Why I'm becoming a concierge physician

By Caroline K. Stratz, M.D.

I have known since the age of 8 that I wanted to be a doctor. I love the idea of getting to know my patients, treating them when they are ill and doing my best to keep them healthy as they age. I decided to become an internist with the intention that I could do all of the above and more.

Is there lead in Los Altos?

Courtesy of CDC/Amanda Mills
Doctors draw blood from a finger prick or vein to test for blood lead levels in children.

Persistent lead-exposure health risks in the Bay Area differ greatly from the water system failure in Flint, Mich.

Local water systems routinely test water all the way from its source to the kitchen tap, and new water rules reflect a local response to Flint’s lead crisis. Substantial lead exposure from other sources has been identified in parts of Oakland and San Jose, but blood lead testing – the measure of whether lead from a multitude of sources is entering children’s bodies – occurs in only some children locally, and is reported unevenly across the region.

All together Los Altos doctor's BlueWave Medicine boosts integrative care

Megan V. Winslow/Town Crier
BlueWave Medicine’s team includes traditional doctors and wellness providers. Los Altos resident Yumi Ando, M.D., right in maroon, directs the Palo Alto office.


BlueWave Medicine may not look like a typical doctor’s office at first glance. Tucked between a nature trail and the San Francisco Bay in Palo Alto, its lobby features art and an assortment of teas.

What does heart rate say about health?

Your heart rate is a measure of how many times your heart beats in a minute. For most people, a healthy resting heart rate is between 50 and 90 beats per minute (bpm), but this number can vary depending on factors such as medication and fitness level.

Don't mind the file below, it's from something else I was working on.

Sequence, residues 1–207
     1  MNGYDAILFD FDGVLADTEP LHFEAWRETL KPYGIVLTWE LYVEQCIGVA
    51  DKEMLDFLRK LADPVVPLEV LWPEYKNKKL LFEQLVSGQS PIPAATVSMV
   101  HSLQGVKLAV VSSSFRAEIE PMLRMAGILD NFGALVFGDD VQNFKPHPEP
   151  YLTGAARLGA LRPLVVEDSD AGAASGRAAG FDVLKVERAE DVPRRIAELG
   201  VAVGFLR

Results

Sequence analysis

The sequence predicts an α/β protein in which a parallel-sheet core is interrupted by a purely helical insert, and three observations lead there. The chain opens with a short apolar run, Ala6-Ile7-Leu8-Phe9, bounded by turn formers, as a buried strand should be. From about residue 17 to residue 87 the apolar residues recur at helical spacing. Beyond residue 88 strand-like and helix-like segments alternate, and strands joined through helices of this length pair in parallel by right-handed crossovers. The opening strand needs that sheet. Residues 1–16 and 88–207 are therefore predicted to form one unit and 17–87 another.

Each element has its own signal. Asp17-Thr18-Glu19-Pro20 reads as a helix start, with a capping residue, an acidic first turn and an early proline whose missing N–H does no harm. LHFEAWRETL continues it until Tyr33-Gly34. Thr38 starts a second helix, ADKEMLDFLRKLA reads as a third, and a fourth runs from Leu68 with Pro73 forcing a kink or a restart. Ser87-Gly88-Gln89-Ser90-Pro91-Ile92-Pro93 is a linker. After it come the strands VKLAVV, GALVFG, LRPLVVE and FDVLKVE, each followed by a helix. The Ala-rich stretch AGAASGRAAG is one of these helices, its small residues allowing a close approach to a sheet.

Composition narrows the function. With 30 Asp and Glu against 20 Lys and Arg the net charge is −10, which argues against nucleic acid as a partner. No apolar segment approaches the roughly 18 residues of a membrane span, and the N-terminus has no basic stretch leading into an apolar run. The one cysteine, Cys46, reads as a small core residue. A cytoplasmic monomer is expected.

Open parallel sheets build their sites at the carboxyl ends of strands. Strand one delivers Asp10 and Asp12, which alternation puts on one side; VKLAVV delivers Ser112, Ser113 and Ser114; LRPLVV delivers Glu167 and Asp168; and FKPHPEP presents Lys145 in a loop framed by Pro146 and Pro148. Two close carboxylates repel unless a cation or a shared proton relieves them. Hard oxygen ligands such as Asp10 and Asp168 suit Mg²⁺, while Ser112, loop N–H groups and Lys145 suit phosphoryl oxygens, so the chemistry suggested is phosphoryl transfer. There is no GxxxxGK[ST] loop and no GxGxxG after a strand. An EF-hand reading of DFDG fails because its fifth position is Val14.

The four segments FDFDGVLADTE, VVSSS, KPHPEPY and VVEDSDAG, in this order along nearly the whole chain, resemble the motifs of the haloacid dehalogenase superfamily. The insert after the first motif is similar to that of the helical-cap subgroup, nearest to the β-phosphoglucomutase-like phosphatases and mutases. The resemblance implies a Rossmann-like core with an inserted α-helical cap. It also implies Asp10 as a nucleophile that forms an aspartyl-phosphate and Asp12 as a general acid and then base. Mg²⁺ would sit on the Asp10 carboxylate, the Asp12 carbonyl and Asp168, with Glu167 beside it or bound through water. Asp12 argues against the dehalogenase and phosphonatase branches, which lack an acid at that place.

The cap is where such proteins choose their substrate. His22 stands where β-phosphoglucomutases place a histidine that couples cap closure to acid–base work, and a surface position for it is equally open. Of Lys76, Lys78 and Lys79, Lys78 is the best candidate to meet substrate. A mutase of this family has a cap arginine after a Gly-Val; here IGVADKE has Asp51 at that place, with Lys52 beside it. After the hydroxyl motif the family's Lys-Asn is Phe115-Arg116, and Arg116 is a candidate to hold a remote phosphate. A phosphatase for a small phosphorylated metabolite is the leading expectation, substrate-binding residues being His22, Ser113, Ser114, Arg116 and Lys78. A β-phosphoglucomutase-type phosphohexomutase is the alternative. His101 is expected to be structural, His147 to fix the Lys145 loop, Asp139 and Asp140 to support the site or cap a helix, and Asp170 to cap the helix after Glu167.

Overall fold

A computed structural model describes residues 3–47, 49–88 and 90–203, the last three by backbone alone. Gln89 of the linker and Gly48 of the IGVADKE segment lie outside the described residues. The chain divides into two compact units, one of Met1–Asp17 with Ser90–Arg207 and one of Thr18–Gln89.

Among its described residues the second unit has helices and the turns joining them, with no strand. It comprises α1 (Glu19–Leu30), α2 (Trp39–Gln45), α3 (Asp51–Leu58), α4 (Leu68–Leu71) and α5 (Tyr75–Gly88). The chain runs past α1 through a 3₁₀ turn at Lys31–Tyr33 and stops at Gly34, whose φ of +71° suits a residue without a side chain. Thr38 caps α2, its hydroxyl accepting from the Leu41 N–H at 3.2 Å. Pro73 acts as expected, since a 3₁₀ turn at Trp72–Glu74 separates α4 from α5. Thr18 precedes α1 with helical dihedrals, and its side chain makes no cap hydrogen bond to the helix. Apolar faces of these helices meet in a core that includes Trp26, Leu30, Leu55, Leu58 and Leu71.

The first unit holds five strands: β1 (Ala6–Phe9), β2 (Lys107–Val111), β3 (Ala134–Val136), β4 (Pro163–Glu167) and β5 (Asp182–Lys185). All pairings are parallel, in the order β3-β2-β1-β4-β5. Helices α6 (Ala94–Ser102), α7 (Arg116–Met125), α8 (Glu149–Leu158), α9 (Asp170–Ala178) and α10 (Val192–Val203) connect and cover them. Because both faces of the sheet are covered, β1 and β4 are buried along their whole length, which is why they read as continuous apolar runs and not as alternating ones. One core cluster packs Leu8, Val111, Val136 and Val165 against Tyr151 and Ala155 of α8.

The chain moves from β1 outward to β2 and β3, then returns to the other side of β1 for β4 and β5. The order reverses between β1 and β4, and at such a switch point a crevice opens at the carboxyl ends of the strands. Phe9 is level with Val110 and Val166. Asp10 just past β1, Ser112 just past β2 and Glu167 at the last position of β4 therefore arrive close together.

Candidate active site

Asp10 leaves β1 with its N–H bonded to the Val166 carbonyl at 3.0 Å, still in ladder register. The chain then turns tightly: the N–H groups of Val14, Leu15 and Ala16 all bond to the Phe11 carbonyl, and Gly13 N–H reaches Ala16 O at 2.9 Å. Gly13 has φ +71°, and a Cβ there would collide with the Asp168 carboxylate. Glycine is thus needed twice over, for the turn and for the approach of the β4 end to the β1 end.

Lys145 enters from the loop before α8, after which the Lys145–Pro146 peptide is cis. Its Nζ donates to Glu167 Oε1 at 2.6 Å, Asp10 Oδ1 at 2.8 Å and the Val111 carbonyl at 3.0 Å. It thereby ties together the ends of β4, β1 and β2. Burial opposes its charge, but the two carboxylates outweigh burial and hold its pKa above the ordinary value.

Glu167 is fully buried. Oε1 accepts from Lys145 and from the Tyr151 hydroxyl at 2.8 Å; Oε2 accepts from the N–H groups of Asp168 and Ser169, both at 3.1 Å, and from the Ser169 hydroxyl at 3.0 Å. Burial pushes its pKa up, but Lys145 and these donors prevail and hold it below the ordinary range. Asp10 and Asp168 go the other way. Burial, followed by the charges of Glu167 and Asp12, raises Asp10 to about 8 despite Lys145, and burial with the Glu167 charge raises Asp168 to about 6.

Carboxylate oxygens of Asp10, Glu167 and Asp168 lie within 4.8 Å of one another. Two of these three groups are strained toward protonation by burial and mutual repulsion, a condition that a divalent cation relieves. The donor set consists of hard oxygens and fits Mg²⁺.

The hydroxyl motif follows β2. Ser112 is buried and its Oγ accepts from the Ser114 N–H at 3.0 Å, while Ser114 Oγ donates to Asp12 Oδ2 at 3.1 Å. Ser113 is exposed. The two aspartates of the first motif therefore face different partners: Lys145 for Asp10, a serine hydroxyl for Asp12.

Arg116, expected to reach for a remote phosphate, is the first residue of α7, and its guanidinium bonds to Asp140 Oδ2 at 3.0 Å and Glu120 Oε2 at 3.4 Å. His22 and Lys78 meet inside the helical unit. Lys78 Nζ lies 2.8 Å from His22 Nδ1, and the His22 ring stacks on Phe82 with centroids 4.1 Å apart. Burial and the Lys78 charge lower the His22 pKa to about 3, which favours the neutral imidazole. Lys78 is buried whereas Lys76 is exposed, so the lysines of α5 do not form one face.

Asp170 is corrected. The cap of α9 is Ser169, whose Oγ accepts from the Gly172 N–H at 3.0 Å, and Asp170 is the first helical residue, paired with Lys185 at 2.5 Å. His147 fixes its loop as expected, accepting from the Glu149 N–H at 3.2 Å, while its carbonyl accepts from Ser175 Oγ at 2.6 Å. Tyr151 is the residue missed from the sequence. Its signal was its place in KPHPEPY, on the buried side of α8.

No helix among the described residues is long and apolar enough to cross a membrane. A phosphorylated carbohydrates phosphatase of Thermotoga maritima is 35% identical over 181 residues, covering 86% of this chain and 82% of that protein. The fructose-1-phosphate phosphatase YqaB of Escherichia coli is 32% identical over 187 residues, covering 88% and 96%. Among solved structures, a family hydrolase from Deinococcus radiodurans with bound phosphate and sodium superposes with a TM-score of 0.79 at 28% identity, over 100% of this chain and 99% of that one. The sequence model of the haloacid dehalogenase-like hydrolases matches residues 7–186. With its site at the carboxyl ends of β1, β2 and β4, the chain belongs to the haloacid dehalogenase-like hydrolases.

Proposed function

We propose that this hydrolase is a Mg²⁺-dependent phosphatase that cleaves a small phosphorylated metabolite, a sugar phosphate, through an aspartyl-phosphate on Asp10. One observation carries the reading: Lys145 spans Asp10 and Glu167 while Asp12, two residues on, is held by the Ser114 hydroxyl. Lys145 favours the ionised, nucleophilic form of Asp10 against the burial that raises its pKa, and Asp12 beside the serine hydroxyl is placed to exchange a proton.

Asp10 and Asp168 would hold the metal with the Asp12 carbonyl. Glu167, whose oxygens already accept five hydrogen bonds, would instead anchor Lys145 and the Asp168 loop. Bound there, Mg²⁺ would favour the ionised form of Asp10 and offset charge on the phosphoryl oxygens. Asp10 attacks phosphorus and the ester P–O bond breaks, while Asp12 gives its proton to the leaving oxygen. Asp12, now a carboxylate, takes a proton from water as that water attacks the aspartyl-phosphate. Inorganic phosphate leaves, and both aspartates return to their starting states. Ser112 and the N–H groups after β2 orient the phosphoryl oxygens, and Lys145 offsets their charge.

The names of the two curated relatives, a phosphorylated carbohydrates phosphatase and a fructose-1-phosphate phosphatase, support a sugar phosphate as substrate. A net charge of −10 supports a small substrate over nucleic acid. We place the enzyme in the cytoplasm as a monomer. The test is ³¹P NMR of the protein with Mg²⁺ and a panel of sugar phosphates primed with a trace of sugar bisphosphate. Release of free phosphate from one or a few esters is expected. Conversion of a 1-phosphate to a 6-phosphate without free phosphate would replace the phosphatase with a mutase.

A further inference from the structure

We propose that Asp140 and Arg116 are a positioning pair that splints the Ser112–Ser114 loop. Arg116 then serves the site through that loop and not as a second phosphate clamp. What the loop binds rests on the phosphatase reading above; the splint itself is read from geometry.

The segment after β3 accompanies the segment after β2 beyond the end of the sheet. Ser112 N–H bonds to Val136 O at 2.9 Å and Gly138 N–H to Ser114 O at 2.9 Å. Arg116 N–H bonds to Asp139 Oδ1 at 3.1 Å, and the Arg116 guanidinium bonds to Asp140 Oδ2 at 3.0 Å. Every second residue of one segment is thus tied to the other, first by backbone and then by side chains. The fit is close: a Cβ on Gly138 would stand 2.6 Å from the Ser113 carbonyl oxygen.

Many people are familiar with how fast their hearts beat when they exercise, through the use of common monitoring devices. But how much do you know about your resting heart rate? This important number is one of the simplest ways to monitor your heart health. It can even help with stress management.

Mountain View teen won't let diabetes sink her fun

Courtesy of the Sorenson Family
Cipriana Sorenson, right, with brother Kai and parents Holt and Beth, maintains an active lifestyle despite her Type 1 diabetes diagnosis.

Studies show that approximately 1.25 million Americans are living with Type 1 diabetes, and Mountain View resident Cipriana Sorenson is among them. The teen was diagnosed four years ago – just as she and younger brother Kai were training for their scuba diving certification.

Their mom, Beth Sorenson, wondered if Cipriana would able to continue scuba diving. Her doctor told them she could do that and everything else she had done before her diagnosis.

Planning for end-of-life care

When facing the end of life, most people fear the multiple ways they may suffer from losing their health, according to Atul Gawande, M.D., a Harvard University physician.

Even more than that, they fear isolation from others who have given their lives meaning and losing control of how they will spend their last days.

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